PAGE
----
Capital Markets: building the investment bank of the future
We believe there is a bright future for the capital markets industry. The long-term market fundamentals are positive,even if the recent financial performance of many global investment banks is disappointing. While aggregate revenues for the largest investment banks in FY15 were in line with pre-crisis revenues a decade earlier, some businesses (such as parts of fixed income, currencies and commodities (FICC)) seem to be in terminal decline.1 Moreover, operating costs and capital requirements have significantly increased. This means long-term success will demand that banks fundamentally reshape their business.
Ever since the global financial crisis, the viability of the investment banking business model has been under scrutiny and banks have been struggling to redefine their roles. They’ve been faced with a litany of challenges: sluggish economic growth, low interest rates, scandals, fines, legal settlements, demands for greater tax transparency and new regulations. Additionally, they have had to contend with the rise of upstart competitors that are unburdened by large overheads and legacy IT systems and can take advantage of regulatory arbitrage. Banks have retrenched and restructured in what has so far been a mostly unsuccessful effort to recapture the double-digit returns on equity of a decade ago. The task is unfinished.
However, the world still needs a wide array of investment banking services. Even in an age of slow growth, businesses continue to need help raising capital, managing risk and facilitating trade. We believe the winners in this environment will be firms that restructure successfully, develop a sharp focus on the things they do best and embrace innovation. In short, investment banks need to fundamentally rethink the way they are structured and operate.
The time has come for banks to focus not on what they don’t want to do, but on what they want to become. Investment banking leaders should be bold and innovative in developing a new vision and strategic direction for their organizations. Then the leaders must radically transform their business models to align with the new vision. We believe banks should concentrate on five goals:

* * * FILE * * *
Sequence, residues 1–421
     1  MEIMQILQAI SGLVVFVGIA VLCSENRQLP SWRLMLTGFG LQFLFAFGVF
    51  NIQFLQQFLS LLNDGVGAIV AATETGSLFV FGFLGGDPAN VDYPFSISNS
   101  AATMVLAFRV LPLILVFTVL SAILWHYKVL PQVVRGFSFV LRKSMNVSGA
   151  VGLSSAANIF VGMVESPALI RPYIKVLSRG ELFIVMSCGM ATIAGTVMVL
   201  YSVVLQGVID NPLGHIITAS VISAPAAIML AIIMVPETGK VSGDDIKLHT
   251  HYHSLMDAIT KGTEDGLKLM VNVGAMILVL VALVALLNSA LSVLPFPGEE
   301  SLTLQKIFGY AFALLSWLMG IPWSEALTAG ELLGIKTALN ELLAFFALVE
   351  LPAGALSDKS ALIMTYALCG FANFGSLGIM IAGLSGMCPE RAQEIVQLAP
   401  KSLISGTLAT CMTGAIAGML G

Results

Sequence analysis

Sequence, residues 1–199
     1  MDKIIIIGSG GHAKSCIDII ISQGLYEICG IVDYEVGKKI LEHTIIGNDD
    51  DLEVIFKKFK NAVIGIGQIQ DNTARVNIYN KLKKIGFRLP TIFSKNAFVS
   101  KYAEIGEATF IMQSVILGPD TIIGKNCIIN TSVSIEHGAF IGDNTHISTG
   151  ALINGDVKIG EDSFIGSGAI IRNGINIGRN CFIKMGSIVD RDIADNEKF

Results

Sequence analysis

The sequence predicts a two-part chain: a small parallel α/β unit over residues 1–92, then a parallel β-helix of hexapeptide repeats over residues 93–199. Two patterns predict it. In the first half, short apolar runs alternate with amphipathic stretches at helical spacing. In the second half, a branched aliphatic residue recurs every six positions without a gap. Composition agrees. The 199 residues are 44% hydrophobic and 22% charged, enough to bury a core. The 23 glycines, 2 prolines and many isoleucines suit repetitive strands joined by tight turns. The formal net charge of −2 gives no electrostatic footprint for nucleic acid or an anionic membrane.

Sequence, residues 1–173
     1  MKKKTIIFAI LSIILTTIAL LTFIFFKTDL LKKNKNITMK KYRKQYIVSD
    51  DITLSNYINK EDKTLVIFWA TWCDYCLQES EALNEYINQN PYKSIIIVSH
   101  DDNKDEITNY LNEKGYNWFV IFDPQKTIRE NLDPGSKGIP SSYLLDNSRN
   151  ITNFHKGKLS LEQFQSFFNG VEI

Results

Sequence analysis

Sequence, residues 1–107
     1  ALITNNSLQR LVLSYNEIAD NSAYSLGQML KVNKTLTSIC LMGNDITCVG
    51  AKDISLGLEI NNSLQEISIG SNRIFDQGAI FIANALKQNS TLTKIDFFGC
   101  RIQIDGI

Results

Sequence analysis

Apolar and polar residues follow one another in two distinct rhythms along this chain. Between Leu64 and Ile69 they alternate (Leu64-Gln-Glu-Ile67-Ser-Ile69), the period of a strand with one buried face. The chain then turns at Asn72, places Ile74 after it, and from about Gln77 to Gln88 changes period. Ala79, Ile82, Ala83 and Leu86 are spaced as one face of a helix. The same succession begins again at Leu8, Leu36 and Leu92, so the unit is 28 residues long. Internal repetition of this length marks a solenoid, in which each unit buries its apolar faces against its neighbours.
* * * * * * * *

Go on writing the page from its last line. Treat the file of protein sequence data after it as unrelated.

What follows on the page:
- Reshape the business: Banks will need to restructure operations to be more mindful of legal entity structure and transfer pricing. They will need to make capital allocation decisions and associated footprint decisions regarding products, clients, geographies and counterparties that fit into that new structure. But having a robust decision-making framework and obtaining relevant data to inform strategic decisions will be challenging while markets remain unsettled. Those that seize the initiative and reshape their business will likely do so through disposals, wind‑downs, acquisitions and new strategic alliances.
- Grow the business: To regain profitable growth, investment banks should clearly define their risk appetite, the clients they want to serve, the products they want to offer and how they want to distribute those products, as well as the geographic footprint of the organization. In addition, they should harness the power of analytics to better serve the clients they already have.
- Optimize the business: New operating models should be developed that take advantage of technology, partnerships and industry utilities to improve service and reduce cost. In addition, banks will need to optimize their balance sheet in the face of multiple market and regulatory constraints.
- Protect the business: In the wake of the London Interbank Offered Rate (Libor) and foreign exchange scandals, banks must rebuild trust. The right organizational culture will be a key differentiator for leading investment banks. In addition, given the ongoing threat of cybercrime, banks must take steps to ensure that their systems are secure, that they use technology where possible to maximize the coverage of internal protections, and that their people are adequately trained and supervised.
- Control the business: Compliance and risk management must be a priority; in addition to using technology and training, management tone, transparency and the importance of controls-based reporting should be promoted.
1Revenues earned by the largest 14 investment banks or investment bank divisions of universal banks through FICC trading, equities trading, debt and equity issuance, and M&A advisory services
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